Octopi: Coconut-Carrying Geniuses

Published by PETA.

Here’s a phenomenon that’ll stick in your memory like an octopus sticks to a … coconut shell:


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With the recent discovery that the veined octopus sometimes carries around a coconut shell to use as impromptu shelter, this eight-legged wonder is now the first known tool-using animal without a backbone. According to the biologists who made the discovery, the use of tools to build shelter is such a complicated skill that even some of smartest animals, like chimpanzees, can’t do it. (Um, the only self-enclosing “skill” I have is my sofa-cushion fort-building ability, which hasn’t been tapped since 1994—so who knows if it’s still even in me.)

Octopi are brilliant animals with sensitive short-term and long-term memories and a complex brain, so it’s no surprise that their capabilities are extensive and intricate—from mastering mazes to distinguishing between different shapes. And their intelligence runs in their extended cephalopod family. Squids send messages via dermal patterns of light and color, so think twice before you eat calamari again—those are fried little Einsteins on your plate! If scientists have only just now discovered the tool-using skills of octopi, imagine all of the other talents these mollusk marvels and their relatives have got up their tentacles.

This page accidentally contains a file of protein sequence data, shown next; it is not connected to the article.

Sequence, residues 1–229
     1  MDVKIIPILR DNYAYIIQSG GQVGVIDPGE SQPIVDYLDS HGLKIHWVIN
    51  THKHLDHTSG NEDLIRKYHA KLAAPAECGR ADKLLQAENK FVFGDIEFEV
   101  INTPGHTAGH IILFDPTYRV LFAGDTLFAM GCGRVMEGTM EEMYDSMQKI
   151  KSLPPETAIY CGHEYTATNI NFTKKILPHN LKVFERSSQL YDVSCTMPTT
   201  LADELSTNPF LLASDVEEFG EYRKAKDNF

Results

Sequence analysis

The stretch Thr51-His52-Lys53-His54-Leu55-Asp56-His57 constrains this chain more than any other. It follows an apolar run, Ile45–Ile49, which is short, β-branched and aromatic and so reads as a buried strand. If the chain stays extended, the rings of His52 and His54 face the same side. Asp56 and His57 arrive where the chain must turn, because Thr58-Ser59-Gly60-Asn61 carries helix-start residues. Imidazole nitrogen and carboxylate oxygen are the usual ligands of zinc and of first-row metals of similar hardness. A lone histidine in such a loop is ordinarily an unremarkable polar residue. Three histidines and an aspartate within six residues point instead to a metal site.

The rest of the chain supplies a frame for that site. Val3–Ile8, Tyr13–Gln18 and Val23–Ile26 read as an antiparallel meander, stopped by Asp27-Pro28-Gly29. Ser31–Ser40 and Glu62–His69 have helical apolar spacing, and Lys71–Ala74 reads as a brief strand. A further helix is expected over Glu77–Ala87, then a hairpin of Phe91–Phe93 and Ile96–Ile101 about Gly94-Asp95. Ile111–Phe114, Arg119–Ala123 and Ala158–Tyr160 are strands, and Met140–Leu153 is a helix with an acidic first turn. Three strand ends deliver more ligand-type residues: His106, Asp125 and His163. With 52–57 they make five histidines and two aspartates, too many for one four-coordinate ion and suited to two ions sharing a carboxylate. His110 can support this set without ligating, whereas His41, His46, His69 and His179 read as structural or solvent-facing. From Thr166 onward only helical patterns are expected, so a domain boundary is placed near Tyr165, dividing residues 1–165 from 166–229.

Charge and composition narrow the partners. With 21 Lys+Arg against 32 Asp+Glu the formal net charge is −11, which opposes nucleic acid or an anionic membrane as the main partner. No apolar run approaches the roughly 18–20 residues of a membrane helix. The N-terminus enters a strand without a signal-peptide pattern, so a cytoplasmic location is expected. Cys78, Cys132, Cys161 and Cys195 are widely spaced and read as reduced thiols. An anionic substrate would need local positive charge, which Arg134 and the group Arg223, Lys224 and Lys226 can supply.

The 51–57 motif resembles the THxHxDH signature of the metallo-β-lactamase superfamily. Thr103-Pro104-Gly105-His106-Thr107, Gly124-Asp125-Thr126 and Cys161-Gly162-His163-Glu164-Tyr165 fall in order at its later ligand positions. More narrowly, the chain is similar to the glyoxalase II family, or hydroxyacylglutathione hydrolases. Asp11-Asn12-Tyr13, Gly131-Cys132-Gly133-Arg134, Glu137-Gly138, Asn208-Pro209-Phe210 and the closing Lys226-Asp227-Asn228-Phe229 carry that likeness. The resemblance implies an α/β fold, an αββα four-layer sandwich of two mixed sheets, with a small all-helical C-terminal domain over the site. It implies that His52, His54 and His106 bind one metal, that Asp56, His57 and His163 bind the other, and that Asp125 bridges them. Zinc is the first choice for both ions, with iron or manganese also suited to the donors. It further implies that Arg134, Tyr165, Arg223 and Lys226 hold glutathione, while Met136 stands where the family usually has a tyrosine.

Written by Logan Scherer

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 Ingrid E. Newkirk

“Almost all of us grew up eating meat, wearing leather, and going to circuses and zoos. We never considered the impact of these actions on the animals involved. For whatever reason, you are now asking the question: Why should animals have rights?” READ MORE

— Ingrid E. Newkirk, PETA President and co-author of Animalkind